China encourages foreign issuers to sell social, sustainability bonds
Interbank regulator pushes for the development of the ESG-linked Panda bond market
The National Association of Financial Market Institutional Investors (Nafmii) has launched a pilot programme for non-Chinese issuers to sell social bonds and sustainability bonds onshore.
SSA and corporate issuers can register with Nafmii to issue renminbi-denominated bonds that carry a social or sustainability label. They can either register specifically for their social or sustainability bond issuance, or use their existing quota for vanilla bonds after providing the relevant information.
Nafmii oversees the sale of non-financial bonds in China’s interbank market, including non-financial Panda bonds.
Panda bonds are onshore renminbi bonds sold by foreign issuers, or by Chinese companies incorporated offshore — the latter referred to as red-chip issuers. The People’s Bank of China has oversight on Nafmii, as well as Panda bonds sold by financial institutions.
Nafmii said it will set up a ‘green channel’ for registration of social or sustainability bonds. It also plans to consider the underwriting of social or sustainability bonds in its evaluation of securities houses and banks.
'Green channel' generally means a faster approval process, in both the onshore debt and equity capital markets. The Nafmii will give the first round of feedback within five business days after receiving issuers' applications, GlobalCapital China understands. But the overall registration process usually takes two to three months for a foreign Panda bond issuer, or one to two months for red-chip companies, according to an onshore DCM banker.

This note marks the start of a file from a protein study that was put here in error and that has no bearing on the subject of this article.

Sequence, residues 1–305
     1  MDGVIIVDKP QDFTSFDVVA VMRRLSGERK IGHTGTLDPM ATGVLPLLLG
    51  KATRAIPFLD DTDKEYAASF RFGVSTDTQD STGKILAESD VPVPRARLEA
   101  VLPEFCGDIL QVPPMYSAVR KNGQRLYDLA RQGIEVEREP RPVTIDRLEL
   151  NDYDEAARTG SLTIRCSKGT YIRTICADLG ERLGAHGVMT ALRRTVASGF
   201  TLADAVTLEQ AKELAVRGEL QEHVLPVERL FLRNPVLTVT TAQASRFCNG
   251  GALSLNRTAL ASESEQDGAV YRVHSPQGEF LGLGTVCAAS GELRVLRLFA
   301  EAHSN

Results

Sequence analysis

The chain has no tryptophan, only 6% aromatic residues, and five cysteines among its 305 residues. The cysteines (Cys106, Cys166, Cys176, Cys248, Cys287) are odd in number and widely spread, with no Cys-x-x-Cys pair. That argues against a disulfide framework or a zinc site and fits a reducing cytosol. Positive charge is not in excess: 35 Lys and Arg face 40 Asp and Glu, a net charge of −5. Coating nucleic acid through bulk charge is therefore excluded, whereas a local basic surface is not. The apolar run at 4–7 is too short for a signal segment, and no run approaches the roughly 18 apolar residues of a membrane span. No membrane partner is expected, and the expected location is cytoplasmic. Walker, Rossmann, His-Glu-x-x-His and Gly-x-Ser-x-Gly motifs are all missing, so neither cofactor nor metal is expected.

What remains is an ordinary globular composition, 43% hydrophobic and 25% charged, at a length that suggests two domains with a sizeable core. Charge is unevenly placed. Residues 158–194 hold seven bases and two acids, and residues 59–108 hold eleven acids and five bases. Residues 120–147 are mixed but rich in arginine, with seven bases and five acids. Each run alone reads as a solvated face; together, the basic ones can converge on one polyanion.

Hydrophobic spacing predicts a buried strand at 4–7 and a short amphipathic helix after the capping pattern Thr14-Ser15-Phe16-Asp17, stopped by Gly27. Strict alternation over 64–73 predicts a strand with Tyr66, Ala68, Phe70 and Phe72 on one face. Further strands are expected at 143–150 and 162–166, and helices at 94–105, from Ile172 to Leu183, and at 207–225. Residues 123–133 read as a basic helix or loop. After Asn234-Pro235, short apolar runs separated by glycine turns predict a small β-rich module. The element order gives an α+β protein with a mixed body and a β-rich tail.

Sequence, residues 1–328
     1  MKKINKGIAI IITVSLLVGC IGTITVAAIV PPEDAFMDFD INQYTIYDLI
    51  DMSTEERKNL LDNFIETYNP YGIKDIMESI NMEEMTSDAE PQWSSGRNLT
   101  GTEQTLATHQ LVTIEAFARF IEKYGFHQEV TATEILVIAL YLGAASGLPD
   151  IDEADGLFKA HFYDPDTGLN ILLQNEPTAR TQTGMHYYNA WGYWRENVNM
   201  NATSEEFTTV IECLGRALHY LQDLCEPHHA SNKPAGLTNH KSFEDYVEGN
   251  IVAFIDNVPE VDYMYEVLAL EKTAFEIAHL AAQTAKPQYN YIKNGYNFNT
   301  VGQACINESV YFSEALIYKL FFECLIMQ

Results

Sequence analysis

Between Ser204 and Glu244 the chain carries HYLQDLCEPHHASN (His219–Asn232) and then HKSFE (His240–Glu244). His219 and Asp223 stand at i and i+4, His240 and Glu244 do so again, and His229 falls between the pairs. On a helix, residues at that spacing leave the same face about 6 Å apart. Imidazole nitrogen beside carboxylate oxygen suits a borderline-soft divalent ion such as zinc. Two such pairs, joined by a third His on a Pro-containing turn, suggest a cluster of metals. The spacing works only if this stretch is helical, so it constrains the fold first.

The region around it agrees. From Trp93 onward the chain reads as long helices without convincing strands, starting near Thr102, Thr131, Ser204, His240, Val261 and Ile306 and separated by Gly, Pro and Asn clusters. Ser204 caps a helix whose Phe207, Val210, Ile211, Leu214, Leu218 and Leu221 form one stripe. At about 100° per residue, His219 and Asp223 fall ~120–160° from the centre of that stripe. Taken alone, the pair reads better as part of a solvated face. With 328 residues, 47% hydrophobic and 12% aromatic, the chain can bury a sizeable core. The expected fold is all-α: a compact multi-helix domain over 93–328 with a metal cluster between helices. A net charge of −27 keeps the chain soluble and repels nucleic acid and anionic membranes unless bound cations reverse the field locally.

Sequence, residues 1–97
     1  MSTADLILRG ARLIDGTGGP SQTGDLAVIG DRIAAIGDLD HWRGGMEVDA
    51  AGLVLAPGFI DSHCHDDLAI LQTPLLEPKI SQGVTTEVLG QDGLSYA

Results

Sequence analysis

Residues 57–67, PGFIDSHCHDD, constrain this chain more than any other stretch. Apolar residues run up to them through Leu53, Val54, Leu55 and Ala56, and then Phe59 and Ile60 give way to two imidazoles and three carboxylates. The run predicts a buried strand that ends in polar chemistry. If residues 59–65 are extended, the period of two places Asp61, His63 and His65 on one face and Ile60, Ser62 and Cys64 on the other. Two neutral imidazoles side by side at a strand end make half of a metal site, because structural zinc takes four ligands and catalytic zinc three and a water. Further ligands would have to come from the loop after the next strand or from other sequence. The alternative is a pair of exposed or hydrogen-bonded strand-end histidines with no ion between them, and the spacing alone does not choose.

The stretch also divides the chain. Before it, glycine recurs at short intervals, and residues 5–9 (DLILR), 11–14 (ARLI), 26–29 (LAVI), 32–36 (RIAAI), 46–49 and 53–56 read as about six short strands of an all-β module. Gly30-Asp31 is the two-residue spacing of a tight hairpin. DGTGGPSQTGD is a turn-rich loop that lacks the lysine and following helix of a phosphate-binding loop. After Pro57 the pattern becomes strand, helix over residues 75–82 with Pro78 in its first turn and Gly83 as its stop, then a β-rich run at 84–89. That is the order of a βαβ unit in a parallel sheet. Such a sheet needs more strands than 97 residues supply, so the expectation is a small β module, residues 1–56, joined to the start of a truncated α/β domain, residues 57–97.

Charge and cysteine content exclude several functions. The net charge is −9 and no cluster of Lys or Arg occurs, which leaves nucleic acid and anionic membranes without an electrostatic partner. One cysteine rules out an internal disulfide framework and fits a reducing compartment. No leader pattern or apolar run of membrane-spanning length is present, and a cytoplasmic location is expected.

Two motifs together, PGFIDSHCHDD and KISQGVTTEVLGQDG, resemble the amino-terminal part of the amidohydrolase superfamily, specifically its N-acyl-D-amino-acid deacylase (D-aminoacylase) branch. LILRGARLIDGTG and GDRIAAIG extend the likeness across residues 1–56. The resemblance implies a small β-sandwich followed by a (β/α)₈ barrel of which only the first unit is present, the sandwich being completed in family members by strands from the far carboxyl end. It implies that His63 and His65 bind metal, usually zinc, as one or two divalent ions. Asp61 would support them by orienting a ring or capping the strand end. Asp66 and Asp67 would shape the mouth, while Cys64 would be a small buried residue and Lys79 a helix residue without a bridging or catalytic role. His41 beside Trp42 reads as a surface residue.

The launch of the social and sustainability Panda bond trials is in line with Beijing’s call for the "high quality development" of the onshore bond market, as well as the United Nations’ 2030 Agenda for Sustainable Development with 17 sustainable development goals (SDGs), Nafmii said in a Thursday announcement. Issuing these bonds in China can steer financial resources towards helping sustainable development both environmentally and socially, support the real economy, and enhance the reputation of China’s bond market globally, it added.
There have already been social-related efforts from Panda bond issuers. In March, the New Development Bank, a multilateral development bank headquartered in Shanghai, debuted a Rmb5bn 3.22% three year Panda bond aligned to the UN SDGs.
Similar to international standards, the regulator defines social bonds as those issued in the interbank market with the proceeds to be used exclusively for social projects. The proceeds for sustainability bonds must go towards a combination of green and social projects, or projects that have both environmental and social benefits.
But sustainability bonds are different from SLBs, the Nafmii stressed, given that the proceeds of SLBs can be used for general purposes, so long as the bonds’ terms are linked to the issuers’ own sustainable development goals.
In addition to standard information disclosures, issuers of social and sustainability bonds should disclose annually how proceeds have been used and provide information about the underlying social projects. Issuers should try to quantify the expected social impact, and track the actual impact if possible. Sustainability bond issuers will also need to make green-related disclosures.
The regulator is encouraging issuers to get third-party verifications and reviews of the bonds and related projects, but it is not mandatory.
Issuers’ existing frameworks — established under mainstream international principles and practices such as the International Capital Market Association’s Green Bond Principles, the Social Bond Principles and the Sustainability Bond Guidelines — as well as the external opinions they obtain can be used for their social or sustainability Panda bonds.